Sometimes this reminded me not to tell myself what could not be done. Roosevelt urges us to “do the thing [we] think [we] cannot do,” and I wanted to make sure I didn’t listen to my own inner critic telling me I could not do certain things. Other times, I used this chorus to help me resist the temptation to worry over what others might think of my fitness for an experience or a job. It came in handy when a librarian I worked with at Berwick Public Library insisted I should apply to Berwick Academy for a position there, saying she felt I belonged there. Never having attended an independent school, and feeling rather down on myself for my time spent out of the workforce raising our young daughters, I didn’t think it likely that the school would want me. I worried that I might embarrass myself by applying. What would the administration and teachers who met me think if they found me to be wanting? But this Innocence Mission chorus and earlier mottoes had already become part of my psyche, and it didn’t take much, along with a good dose of prayer, to get me to pursue the opportunity.
More recently, I encountered the T.S. Eliot quotation, “If you aren’t in over your head, how do you know how tall you are?” While I don’t feel it’s necessary or helpful to be in over one’s head in every situation, constantly pushing oneself to the max and recognizing no limits, I think the sentiment is valuable. Often we only learn what we are truly capable of under pressure. Frequently we find, when we are stretched almost to our breaking point, that we have far greater grit, resilience and strength available to us than we originally thought. We often surprise ourselves. If I had been unwilling to get in over my head by attending the Oxford program or pursuing a Masters degree in England or applying for a position at a school very different from my own experience, I would not have learned what I was capable of accomplishing. If I had declined the opportunity to work at Berwick Academy when I was told I would need to enroll in a Masters of Library Science program to maintain the position, I would not have discovered that, with a great deal of reliance upon God and the support of some incredible family members, I was able to do it and to learn immensely, winding up very glad to have done it. Those five years of juggling full-time work, part-time graduate study, and raising two young girls were extremely difficult, and a lot of that time is unfortunately a blur. Nevertheless, I got through it, and I now sit back amazed, reflecting on all that I managed to persevere through: not on my own strength, but on the strength of my faith and with steadfast support from family and friends. I now know I have a wonderful village, prepared to help me, and I have deep resources I can draw upon to get me through some very stressful and challenging times.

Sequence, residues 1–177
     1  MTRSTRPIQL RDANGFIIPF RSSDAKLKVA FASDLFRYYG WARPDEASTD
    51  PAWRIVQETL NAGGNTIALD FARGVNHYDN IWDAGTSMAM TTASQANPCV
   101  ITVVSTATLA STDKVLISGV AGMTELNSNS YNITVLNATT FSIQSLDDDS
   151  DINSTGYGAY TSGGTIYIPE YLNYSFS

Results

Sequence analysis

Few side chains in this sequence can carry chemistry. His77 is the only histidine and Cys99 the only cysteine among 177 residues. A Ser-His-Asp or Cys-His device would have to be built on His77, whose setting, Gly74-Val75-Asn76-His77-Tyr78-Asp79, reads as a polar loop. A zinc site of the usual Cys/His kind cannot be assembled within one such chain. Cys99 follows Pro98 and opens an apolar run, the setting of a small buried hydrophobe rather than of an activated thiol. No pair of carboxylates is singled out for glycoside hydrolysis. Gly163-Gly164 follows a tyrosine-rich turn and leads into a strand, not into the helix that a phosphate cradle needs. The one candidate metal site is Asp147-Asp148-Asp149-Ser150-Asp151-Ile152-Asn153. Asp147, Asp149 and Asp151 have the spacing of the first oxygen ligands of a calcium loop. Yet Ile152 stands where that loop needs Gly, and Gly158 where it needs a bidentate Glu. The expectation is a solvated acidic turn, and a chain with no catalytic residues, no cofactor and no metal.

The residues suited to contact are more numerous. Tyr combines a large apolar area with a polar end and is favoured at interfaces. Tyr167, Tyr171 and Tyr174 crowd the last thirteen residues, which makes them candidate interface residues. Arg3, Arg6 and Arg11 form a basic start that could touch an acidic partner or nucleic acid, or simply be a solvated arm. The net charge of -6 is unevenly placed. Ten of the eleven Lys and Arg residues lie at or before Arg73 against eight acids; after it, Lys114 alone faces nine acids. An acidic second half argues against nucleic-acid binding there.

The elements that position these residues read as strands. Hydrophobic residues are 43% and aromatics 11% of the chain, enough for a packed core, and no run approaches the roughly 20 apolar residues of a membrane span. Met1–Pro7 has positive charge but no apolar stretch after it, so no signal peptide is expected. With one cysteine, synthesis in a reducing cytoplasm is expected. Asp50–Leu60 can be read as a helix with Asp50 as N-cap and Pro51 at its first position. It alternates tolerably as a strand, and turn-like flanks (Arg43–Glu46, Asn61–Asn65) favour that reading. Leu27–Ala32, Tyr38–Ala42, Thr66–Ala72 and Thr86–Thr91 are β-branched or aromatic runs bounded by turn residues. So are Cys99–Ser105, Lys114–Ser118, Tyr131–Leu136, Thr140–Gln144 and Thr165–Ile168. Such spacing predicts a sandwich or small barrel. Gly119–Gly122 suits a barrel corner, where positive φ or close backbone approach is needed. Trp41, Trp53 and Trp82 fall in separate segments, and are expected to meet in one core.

Preacher and author Joyce Meyer likes to tell people, “do it afraid.” Do the thing you fear, even while you’re afraid to do it. Sometimes that is the only way to get to where you are called to go. We have to go through it, but we can go through it knowing we are not alone. We can call upon our Higher Power and upon our support system. We can utilize the wisdom passed down from others, such as Teddy Roosevelt’s suggestion, “When you are asked if you can do a job, tell 'em, 'Certainly I can!' Then get busy and find out how to do it.” It can be anxiety-producing to sign yourself up for something that you’re not sure you’re up to doing, something you don’t know if you’re fully ready for, or whether you have enough knowledge and a strong enough skill base to support you. But we are all capable of growing and learning along the way. We can “do it afraid.” It’s amazing what can be accomplished with this approach. This is how we find out “how tall we are.”
Lastly, for all those who struggle with “impostor syndrome,” I offer you the statement widely attributed to Eleanor Roosevelt, “No one can make you feel inferior without your consent.” Try though they may, no one seems to be able to directly trace this exact wording back to Eleanor, but a very similar sentiment was conveyed in a comment she made regarding a potential snub. Whether or not Eleanor Roosevelt said these exact words is of small consequence. You can’t go wrong with a mindset that determines not to allow oneself to be made to feel beneath or inferior, under any circumstances. Others may determine to make us feel this way or to make us believe we are impostors, but the power remains with us whether or not we allow them. We also have power over whether we allow an ongoing internal dialogue that speaks words of inferiority and inadequacy to us or whether we use life-infusing, hopeful words that spur us on to all that is best for us. Whether it is negotiating at work, moving to a new location, confronting a friend of family member, or seeking forgiveness from someone you hurt in years past, whatever the thing is that is causing you fear and hesitation, you can spur yourself on with the right words which create the right mindset.
What is a horror you have lived through? Let your knowledge of your resilience and the way you were given the strength to see it through settle in for a bit. Give some space to reflect upon that. If you made it through that, will you not surely make it through what faces you today? What is the thing that, right now, you are thinking you cannot do, though there is a cry within you to do it, perhaps even a deep need? You must do that thing. What steps can you take today and this week to make a start? Don’t wait.